The theme was Rhones, something Paul was and is still very passionate about. I too loved them, but didn't know a thing about them or even what to expect. What I was looking forward to was having an expert on hand so that I could ask questions.
We arrived early, had a sip of champagne in the bar downstairs before being sent up for our seating with the others. The one thing I remember vividly from this restaurant, was the artwork. In rainbow colors, there were images of nude women in poses that mimic the alphabet. Watercolors I think...
I don't remember the food, I don't remember the wines, I remember the Brett. Except I didn't know that's what it was for certain and I had a question for the host, our expert. I had sampled and experienced a handful of Rhones before that Paul had brought home and I was familiar with horse sweat, saddle leather, barnyard, corral as being aromas that I thought were typical of all French wines. In my naivete I thought this was the definition of terroir...after all, these are kind of earthy, natural smells from the countryside. Right?
So there we are at dinner, the wines are flowing and the host is telling us about each one. Only this time I'm smelling something new, something unique I had not previously noticed. It was like the antiseptic plastic-ey smell of bandaids when we were kids (think 1970's), and very pronounced. I thought, this is new, this is different. And I raised my hand, I had a question.
I said, what is this smell? This odor, this something I can't determine beyond it being like a bandaid, from my childhood? ! Can you tell me more about this? I wanted to know, I was an inquiring mind.
He barked at me. He back hand waved at me as if to shoo me aside like a bug. His response was simple. "If you don't like it, don't drink it". No shit.
I never said I didn't like it. I wanted to know what it was, where it came from, if other wines had it too, why was it pervasive in some more than others? What more could he, the expert, tell me? He told me to piss off, basically. I was aghast and a little more than insulted at $85/person.
Fast forward to now and I can assure you I know exactly what that smell is. Brettanomyces, or Brett for short. Neither of us had read or heard about it being referenced as "band-aidy" before that dinner - it was very pronounced in the wine so I have to assume that there was a large amount of it present in the wine.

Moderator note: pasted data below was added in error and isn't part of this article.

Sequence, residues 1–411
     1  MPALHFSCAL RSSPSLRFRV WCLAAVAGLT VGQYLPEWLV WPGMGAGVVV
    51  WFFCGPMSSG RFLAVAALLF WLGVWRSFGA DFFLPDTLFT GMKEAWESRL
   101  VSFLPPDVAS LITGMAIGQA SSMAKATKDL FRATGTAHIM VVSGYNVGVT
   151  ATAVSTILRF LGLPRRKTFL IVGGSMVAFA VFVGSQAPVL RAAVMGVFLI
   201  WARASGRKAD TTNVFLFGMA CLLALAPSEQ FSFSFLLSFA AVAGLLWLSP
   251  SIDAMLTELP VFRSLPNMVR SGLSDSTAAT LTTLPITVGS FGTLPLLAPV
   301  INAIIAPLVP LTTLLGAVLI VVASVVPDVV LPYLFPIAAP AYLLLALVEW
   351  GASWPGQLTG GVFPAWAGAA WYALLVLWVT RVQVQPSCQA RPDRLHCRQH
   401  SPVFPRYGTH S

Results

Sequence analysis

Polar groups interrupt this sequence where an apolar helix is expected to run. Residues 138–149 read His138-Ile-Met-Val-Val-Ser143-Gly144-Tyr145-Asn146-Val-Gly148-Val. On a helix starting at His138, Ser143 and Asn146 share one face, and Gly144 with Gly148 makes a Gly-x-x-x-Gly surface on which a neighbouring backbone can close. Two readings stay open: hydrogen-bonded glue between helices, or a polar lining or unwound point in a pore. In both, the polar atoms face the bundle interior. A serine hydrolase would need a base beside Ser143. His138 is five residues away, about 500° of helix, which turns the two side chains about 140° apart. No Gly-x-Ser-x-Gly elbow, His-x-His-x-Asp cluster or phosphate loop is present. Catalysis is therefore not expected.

I could launch into a long diatribe about Brett, but instead I'll outline it fairly quickly so you have the gist of what it is. It's a yeast cell. Which is good right? You want yeast in a winery, right? Sure, but not this creature. This yeast is angular, and because of that, it catches in corners and edges of barrels. Once it's inside your winery and cellar, it's nearly impossible to inoculate and remove.
Monday, July 13, 2009
The criteria for a positive answer is : "Did you have fun." If we had fun, it was a good event. Saturday was a good event. You can tell from Stef's smile:
Since so many people picked up our little cards and we spent so much time chatting with people I thought I'd review a few of our housekeeping items.
1. There's a link here to sign up for our mailing list. That will insure you get offers for our lower production wines as well as news about the four days per year we open the winery.
2. We update our day to day activities here. A mix of vineyard activity, winery news, and whatever else is going on.
3. We do have a Facebook link, it is paul@stefaniawine .com, we don't have a 'fan' page. Both Stef and I update that, which is probably against Facebooks rules, but we do it anyway. We don't want to have 'fans', we want to have friends, so we've set it up this way. "Make Friends" is our Mission Statement, that's why we make wine.
And a little bit for long time friends, especially those back east. We pronounce it Lahs Gadtoze, much like we say San-O-zay. If you pronounce it right, people will just know you're a tourist, or new in town!
We saw hundreds of dogs out for a walk, but just this one little feral rescue kitty.
Sunday, July 12, 2009
She said we would have a table set up in front of James Randall restaurant (RJR) and they would be our hosts for the day.
RJR built sandwiches to pair with our Cabernets. They were NY Steak, with pickled onions, kalamata aioli and arugula on crusty bread. We poured our 2006 Santa Cruz Mountains Cabernet and 2006 Uvas Creek Santa Clara Valley Cabernet.
CinCin Wine Bar participated and there were four other tables set up with food and wine pairings. It started off slow with very little foot traffic around noon, then it really picked up. It was like a neighborhood street party with great food and great wines.
RJR was selling the food and wine pairing for $15, which included a take home Riedel wineglass.
It was a great event, our hosts were fantastic and we had fun participating. Thank you Los Gatos Chamber, thank you everyone that stopped by our table and listened to us, thank you RJR and crew!!
Saturday, July 11, 2009